Sen. Chris Murphy (D-Conn.) said Friday his priority is to move a relief package and Biden’s nominees before holding a trial to convict an ex-president.
The Senate trial could not begin before 1 p.m. on Jan. 20, after Trump is out of office, because the upper chamber is in a recess until Tuesday.
Trump to claim he is ‘presumptive 2024 nominee,’ leader of GOP in CPAC speech: report
Former president Donald Trump will claim he is the leader of the Republican party and its “presumptive 2024 nominee” when he makes his first public appearance since leaving office during the Conservative Political Action Conference next weekend in Orlando, according to a report.
A longtime Trump adviser told Axios his CPAC speech will be a “show of force,” and said the message will be: “I may not have Twitter or the Oval Office, but I’m still in charge.” The source reportedly added that “payback is his chief obsession.”
Trump’s advisers will reportedly meet with him at Mar-a-Lago this week to plan his next political moves, and to set up the framework for kingmaking in the 2022 midterm elections.
According to Axios, Trump is expected to go after the 10 House Republicans who voted to convict him in his impeachment trial, spurred by the Jan. 6 riot at the U. S. Capitol, and the seven GOP Senators who voted with Democrats to convict.
Trump was acquitted, with 57 senators voting for his conviction — short of the required two-thirds majority — and 43 voting against conviction.
He also reportedly plans to argue in the CPAC speech that many of his predictions about President Biden have already come true.
“Trump effectively is the Republican Party,” Trump senior adviser Jason Miller told Fox News. “The only chasm is between Beltway insiders and grassroots Republicans around the country. When you attack President Trump, you’re attacking the Republican grassroots.”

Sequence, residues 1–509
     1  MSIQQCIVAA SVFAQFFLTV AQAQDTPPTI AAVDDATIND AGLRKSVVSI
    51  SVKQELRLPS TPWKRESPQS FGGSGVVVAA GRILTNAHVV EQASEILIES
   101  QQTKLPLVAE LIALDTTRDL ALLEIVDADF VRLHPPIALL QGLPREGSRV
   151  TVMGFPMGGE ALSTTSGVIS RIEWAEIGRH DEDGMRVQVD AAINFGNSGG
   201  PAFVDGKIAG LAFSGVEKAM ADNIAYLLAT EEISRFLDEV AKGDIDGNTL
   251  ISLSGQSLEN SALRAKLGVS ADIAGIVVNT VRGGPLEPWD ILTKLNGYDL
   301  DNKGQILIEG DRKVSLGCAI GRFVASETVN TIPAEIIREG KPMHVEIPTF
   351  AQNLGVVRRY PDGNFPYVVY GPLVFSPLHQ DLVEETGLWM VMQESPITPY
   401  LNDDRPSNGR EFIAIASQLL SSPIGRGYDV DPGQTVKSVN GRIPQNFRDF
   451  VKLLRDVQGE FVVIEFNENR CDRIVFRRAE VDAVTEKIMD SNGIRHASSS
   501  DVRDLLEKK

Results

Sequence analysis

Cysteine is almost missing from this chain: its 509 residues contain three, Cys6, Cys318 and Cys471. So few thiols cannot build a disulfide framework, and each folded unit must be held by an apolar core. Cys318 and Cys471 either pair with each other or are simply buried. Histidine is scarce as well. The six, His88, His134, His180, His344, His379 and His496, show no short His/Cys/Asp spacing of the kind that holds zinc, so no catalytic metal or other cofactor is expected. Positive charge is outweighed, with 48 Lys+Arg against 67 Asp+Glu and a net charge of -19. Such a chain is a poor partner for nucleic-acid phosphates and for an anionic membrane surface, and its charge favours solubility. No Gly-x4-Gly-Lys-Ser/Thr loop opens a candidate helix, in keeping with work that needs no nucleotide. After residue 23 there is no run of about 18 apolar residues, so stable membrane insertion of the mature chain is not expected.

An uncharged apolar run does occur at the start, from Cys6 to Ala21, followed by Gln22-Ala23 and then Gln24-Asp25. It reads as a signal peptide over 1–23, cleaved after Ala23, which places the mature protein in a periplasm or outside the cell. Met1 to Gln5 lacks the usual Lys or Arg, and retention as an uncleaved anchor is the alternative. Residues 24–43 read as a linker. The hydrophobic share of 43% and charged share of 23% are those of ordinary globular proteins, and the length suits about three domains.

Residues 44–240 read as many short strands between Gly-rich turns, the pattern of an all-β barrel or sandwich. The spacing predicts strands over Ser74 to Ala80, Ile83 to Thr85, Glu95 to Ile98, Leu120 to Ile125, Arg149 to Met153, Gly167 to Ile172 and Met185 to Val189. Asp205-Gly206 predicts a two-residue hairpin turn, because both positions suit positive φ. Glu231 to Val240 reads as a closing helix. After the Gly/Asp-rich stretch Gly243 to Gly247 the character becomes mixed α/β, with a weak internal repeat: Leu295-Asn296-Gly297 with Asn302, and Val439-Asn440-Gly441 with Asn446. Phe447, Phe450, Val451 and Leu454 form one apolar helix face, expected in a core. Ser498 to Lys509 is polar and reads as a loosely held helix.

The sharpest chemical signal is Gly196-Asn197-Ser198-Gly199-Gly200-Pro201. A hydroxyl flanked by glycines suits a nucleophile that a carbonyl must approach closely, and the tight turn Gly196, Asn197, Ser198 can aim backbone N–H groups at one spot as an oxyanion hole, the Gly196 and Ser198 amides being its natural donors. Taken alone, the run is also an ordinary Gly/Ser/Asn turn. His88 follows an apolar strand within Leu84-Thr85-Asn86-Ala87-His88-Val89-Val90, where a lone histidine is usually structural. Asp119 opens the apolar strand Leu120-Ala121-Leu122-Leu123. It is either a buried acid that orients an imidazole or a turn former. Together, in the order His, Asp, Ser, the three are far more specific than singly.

Trump has found support from state Republican officials who censured some members of Congress who voted against him. Meanwhile, his leadership PAC, Save America, has $75 million on hand to help set up primary challenges to sitting Republicans who went against him, as well as a database of tens of millions of names.
A Suffolk University/ USA Today poll found that 46% of Trump supporters would abandon the Republican Party and join a Trump party should he decide to create one, versus 27% who would stay with the GOP.
Half of the individuals polled said the Republican Party should become “more loyal to Trump,” even if it means losing support from establishment Republicans, versus 19% saying the party should become less loyal to Trump and more aligned with establishment Republicans.
The survey of 1,000 Trump voters, identified from 2020 polls, was taken by landline and cellphone last Monday through Friday. The margin of error is plus or minus 3.1 percentage points.
Pelosi claims Trump is ‘accessory’ to murder because he ‘instigated’ deadly violence at US Capitol
House Speaker Nancy Pelosi claimed Tuesday that outgoing President Donald Trump could be held criminally liable for the deadly violence at the U.S. Capitol on Jan. 6.
Pelosi already led a successful second effort to impeach Trump last week, officially charging him with “incitement of insurrection.” But speaking on MSNBC, Pelosi said Trump could be deemed an “accessory” to murder for the deaths that occurred, in the view of many Trump critics, due to Trump’s rhetoric surrounding the integrity of the election.